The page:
The Radio Telescope

by Amy Schloerb

The radio telescope can see much more than an optical telescope. Things that have been discovered in the universe would not have been discovered if it were not for the radio telescope.


The inventor of the radio telescope is Grote Reber. He was born in Wheaton, Illinois, in 1911. As an adult he was an American engineer and amateur astronomer. In 1937 in his backyard he built the world's first radio telescope. The dish was a mere 31 feet across. The telescope could move both the dish and the mount. This is called fully steerable. After three years of working with his radio telescope, Grote Reber wrote a report concluding that the Milky Way actually gives off radio raves. He went on to lead experimental microwave research in Washington D.C.

Although Grote Reber alone built the world's first radio telescope, he could not have done it without the findings of a man named Karl Jansky. Karl Jansky was born in 1905 and worked at a telephone company and had to build a radio antenna to find out why there was too much static on long distance telephone calls. It turned out to be radio waves coming from space. As a result of this, Jansky wrote a report on the radio waves he discovered. Grote Reber being highly interested in astronomy found Jansky's work and decided to continue it. Thus building the radio telescope.

Jansky and Reber both built a radio antenna or a radio telescope. Being different people they each built their instrument out of different things. Jansky built his radio antenna mostly out of wood. It has 21 foot metal poles and reflectors. It was mounted on a track with tires. Grote Reber on the other hand built his radio telescope more like people do today. It had a dish which was made of wire screen. More commonly used today is glass or metal.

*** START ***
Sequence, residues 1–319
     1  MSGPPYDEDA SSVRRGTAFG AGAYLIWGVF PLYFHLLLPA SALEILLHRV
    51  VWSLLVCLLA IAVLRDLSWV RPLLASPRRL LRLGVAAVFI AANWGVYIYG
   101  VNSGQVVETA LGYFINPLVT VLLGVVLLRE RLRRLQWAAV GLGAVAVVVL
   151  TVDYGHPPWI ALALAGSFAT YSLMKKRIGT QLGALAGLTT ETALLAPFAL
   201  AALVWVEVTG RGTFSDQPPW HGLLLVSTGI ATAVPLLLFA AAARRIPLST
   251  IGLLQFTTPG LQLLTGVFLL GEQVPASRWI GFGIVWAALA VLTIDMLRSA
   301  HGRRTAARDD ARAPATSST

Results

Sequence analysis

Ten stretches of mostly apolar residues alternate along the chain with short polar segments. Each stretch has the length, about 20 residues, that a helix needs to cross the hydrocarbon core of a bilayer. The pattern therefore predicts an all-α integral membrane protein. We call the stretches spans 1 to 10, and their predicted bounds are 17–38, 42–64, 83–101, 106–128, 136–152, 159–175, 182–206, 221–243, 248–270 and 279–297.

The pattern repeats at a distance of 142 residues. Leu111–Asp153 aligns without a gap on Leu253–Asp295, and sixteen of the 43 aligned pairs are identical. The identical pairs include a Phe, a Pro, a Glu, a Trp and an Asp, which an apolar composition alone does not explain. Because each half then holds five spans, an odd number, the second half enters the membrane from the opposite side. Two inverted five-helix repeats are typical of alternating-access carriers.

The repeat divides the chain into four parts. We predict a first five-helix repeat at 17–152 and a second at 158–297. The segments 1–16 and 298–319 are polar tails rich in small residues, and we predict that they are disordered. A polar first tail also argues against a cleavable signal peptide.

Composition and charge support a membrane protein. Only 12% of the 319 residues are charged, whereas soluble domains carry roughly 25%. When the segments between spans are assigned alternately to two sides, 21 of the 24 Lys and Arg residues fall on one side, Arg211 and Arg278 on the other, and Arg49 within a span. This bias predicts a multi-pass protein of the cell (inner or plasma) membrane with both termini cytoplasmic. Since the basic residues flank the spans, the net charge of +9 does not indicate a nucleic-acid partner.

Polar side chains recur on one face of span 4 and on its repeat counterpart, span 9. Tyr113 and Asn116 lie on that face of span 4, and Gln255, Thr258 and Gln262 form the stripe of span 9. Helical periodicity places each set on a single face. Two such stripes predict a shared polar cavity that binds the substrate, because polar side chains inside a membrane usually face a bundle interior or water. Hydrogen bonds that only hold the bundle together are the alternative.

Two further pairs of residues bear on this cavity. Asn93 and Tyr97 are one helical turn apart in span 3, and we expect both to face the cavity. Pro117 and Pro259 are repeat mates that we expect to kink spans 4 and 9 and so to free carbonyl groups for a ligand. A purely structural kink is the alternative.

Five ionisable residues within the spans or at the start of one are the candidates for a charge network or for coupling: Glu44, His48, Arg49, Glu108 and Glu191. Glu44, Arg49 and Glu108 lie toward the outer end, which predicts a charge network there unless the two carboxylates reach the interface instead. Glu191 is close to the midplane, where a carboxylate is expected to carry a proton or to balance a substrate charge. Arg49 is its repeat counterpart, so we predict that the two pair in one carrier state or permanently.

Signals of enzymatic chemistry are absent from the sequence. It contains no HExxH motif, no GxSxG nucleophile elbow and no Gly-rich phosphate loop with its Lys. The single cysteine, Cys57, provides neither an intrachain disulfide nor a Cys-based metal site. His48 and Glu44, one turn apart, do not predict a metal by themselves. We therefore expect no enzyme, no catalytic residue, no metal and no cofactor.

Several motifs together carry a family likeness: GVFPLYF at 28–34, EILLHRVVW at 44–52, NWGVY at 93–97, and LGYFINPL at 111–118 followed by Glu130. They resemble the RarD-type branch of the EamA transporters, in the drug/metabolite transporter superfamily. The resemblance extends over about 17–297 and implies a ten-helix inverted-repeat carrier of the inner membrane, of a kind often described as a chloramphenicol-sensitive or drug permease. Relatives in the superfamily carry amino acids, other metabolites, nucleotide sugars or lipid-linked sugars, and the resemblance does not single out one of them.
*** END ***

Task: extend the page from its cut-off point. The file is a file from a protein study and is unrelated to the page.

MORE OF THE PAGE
There are many different kinds of light. There's Visible, Ultra Violet, Infrared, X-rays [ the shortest ] and radio [ the longest ]. A wave length is measured from one crest to another. This would be a short wave length:

Image of short wavelength.

This would be a long wave length:

Image of long wavelength.

Frequency measures the number of waves. The higher the frequency the shorter the wave length and the lower the frequency the longer the wave length:

Image of frequency vs. wavelength.

The amplitude of a wave is measured by how high or low the wave goes from the middle. The higher the amplitude the more energy the wave carries.

Image of amplitudes.


The radio telescope is used to detect most of the things that an optical telescope can not see. The comments of a radio telescope are the same as in a car radio. The both have the antenna, the receiver, the detector, and the computer or speaker.

Diagram of radio telescope components.